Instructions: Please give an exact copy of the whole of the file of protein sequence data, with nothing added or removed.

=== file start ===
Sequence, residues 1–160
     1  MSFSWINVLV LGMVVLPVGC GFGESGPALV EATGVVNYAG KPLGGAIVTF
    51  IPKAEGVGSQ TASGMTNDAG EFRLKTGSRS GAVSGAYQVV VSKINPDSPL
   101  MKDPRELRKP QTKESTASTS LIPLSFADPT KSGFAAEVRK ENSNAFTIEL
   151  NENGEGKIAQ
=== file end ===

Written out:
Sequence, residues 1–160
     1  MSFSWINVLV LGMVVLPVGC GFGESGPALV EATGVVNYAG KPLGGAIVTF
    51  IPKAEGVGSQ TASGMTNDAG EFRLKTGSRS GAVSGAYQVV VSKINPDSPL
   101  MKDPRELRKP QTKESTASTS LIPLSFADPT KSGFAAEVRK ENSNAFTIEL
   151  NENGEGKIAQ